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Airway Epithelium-on-a-Chip as a Platform for Particulate Matter Study
미세먼지 세포기전 연구 플랫폼으로써 기도 상피 모사 칩의 개발

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Authors
최준희
Advisor
이정찬
Major
공과대학 협동과정 바이오엔지니어링전공
Issue Date
2018-02
Publisher
서울대학교 대학원
Keywords
Airway Epithelium-on-a-ChipOrgan-on-a-ChipParticulate MattersDiesel Exhaust Particles
Description
학위논문 (석사)-- 서울대학교 대학원 : 공과대학 협동과정 바이오엔지니어링전공, 2018. 2. 이정찬.
Abstract
The purpose of this research is to develop a microfluidic Airway Epithelium-on-a-Chip, a novel in-vitro model for assessing effects of particulate matters (PM) on airway epithelium, and to evaluate its potential as a platform for PM study. The characteristic of human airway, which is the consecutive connection of different epitheliums, is established on upper channel of the chip, using a novel microfluidic cell-culture method. As airway epithelium is formed, on-chip cultured cells were exposed to diesel exhaust particles (DEP), and as a consequence, EMT (Epithelial-to-Mesenchymal Transition) and inflammatory reaction were observed on chip. In order to examine functionality and reliability of the chip, DEP experiments on cell culture plate and animal model are conducted. For animal model, asthma-induced mouse is used.
Airway Epithelium-on-a-Chip is made of PDMS (Polydimethylsiloxane) and consisted of the upper channel, which enables in-series culture of different epithelial cells, ECM (Extra-cellular matrix)-coated membrane, and the lower channel, in which continuous perfusion is made. To mimic airway epithelium, human nasal epithelial cell line and human alveolar epithelial cell line are used and cells are co-cultured in-series. Moreover, fibronectin is coated on porous PET membrane in order to support cell attachments and proliferation. In order for long-term survival of on-chip cultured cells, the lower channel is connected to a syringe pump, which makes continuous flow of media.
The confluency of two epithelial cells cultured inside the chip is observed using daily microscopic images and the epithelialization is verified by the formation of tight junctions between cells. Also, as the epithelial cell layer is exposed to sonicated DEP, the EMT ability and the release of pro-inflammatory cytokines are investigated using immunofluorescence staining and PCR (Polymerase Chain Reaction). To verify the on-chip results, in-vitro experiment and in-vivo study using asthma mouse are conducted simultaneously. During in-vitro experiment, human alveolar epithelial cells (A549) are cultured on cell culture plate and exposed to DEP and TGF-beta, and the formation of tight junctions and EMT ability are compared between control and experimental groups. During in-vivo study, an asthma-induced mouse is treated with DEP for 3 days using intra-nasal challenges and sacrificed. Its lung cells are then gone through PCR for investigating the secretion of inflammatory cytokines.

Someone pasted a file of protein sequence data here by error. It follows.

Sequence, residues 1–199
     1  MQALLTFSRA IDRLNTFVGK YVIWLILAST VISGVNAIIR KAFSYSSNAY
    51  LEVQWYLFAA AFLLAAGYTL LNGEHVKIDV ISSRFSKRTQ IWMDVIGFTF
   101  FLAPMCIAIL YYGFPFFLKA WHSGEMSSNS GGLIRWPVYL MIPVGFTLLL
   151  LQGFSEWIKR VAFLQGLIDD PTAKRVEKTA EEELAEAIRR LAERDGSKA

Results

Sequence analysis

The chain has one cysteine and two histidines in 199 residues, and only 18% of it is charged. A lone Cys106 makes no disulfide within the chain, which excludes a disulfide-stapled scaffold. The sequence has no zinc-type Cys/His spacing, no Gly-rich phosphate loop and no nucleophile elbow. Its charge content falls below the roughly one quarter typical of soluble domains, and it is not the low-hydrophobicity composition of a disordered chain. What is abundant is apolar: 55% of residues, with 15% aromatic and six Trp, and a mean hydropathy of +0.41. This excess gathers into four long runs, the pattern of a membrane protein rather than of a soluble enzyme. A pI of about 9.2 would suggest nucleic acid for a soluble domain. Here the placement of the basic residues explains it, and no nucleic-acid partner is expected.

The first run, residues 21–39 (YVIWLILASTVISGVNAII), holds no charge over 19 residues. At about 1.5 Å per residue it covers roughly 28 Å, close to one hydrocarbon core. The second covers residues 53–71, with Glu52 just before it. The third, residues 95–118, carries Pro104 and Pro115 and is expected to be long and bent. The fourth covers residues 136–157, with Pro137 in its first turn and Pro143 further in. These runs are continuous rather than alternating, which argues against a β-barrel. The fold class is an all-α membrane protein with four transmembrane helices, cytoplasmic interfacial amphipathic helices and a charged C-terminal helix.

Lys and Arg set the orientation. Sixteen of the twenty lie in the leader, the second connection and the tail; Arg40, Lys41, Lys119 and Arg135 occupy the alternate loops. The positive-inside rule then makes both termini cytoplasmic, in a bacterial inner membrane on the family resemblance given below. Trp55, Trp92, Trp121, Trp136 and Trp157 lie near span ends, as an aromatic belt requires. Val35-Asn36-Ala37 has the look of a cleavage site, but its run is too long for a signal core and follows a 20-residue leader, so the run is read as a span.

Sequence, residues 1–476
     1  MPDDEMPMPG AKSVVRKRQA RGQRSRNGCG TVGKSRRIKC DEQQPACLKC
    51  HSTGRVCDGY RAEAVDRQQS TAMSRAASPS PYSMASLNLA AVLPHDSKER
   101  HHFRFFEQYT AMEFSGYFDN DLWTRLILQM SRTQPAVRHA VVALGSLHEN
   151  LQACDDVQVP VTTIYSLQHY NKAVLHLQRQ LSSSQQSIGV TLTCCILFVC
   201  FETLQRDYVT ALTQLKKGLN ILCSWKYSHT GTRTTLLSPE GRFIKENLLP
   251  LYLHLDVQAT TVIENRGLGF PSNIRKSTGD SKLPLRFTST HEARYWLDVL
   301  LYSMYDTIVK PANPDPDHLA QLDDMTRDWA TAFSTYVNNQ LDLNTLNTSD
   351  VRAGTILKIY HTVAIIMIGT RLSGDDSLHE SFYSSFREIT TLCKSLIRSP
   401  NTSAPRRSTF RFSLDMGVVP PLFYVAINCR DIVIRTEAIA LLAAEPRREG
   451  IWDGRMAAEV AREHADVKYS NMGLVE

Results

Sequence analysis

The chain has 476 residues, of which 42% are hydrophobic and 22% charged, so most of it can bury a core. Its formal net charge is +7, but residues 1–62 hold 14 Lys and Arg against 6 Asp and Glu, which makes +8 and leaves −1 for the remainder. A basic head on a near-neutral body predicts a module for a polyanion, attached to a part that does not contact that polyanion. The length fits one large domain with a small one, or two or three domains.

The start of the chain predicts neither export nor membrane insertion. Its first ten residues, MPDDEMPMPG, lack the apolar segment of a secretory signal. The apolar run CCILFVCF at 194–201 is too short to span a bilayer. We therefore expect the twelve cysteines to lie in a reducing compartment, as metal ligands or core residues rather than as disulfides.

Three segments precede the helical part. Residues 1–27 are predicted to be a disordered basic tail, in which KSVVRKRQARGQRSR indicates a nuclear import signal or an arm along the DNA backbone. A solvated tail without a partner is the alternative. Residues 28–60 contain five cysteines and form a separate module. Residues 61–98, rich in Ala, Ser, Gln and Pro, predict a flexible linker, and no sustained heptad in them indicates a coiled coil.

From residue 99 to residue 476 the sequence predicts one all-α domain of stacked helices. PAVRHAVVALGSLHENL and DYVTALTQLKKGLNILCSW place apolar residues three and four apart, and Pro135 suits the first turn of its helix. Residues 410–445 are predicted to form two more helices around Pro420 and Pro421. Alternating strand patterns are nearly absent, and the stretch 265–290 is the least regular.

Cells cultured inside the chip formed tight junctions in 2 days and achieve the full confluency in 4 days. As effects of DEP on epithelial cells, the breakage of tight junction, increased EMT ability and the secretion of IL-6 were observed. Significant similarity was found between on-chip results and those from in-vitro and in-vivo experiments. In vitro experiments resulted in the breakage of tight junctions and increased EMT ability of epithelial cell layers, while in vivo experiments resulted in the elevated level of IL-6 mRNA from DEP-treated asthma mouse model.
In this study, a microfluidic airway epithelial chip was developed and tested for its reaction to Diesel Exhaust Particles. The formation of tight junction and gradual increase of cell layer in microscopic images prove the formation of epithelium on the chip, which also verifies the functionality of Airway Epithelium-on-a-Chip. Moreover, the elevation of IL-6, known inflammatory cytokine, was observed on the chip, which was supported by the in-vivo mouse model. By showing the agreement between on-chip results and in-vivo results, the reliability of the microfluidic chip has been assured.

Organ-on-a-Chip is an emerging 3D in-vitro model, which can provide tissue-level functions by reconstructing minimal functional units of organs. Applying this concept, Airway Epithelium-on-a-Chip is developed as a novel in-vitro model that mimics the consecutive lining of airway epithelium. The novel microfluidic in-series co-culture technique, introduced in this research, can be further applied to study interactions of different epithelium. For instance, the consecutive lining of intestinal epithelium can be mimicked using this microfluidic channel design. Further plans should be made to address limitations from this research. In order to improve the functional and environmental similarity to real tissue, the use of primary cells and their differentiation inside the chip are inevitable. Moreover, other air pollutants than DEP should be tested for enhancing the functionality of the chip. Despite these needs for further studies, however, this research clearly implies the potential of Airway Epithelium-on-a-Chip to be a platform for investigating underlying cellular mechanisms of PM.
Language
English
URI
https://hdl.handle.net/10371/141603
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College of Engineering/Engineering Practice School (공과대학/대학원)Program in Bioengineering (협동과정-바이오엔지니어링전공)Theses (Master's Degree_협동과정-바이오엔지니어링전공)
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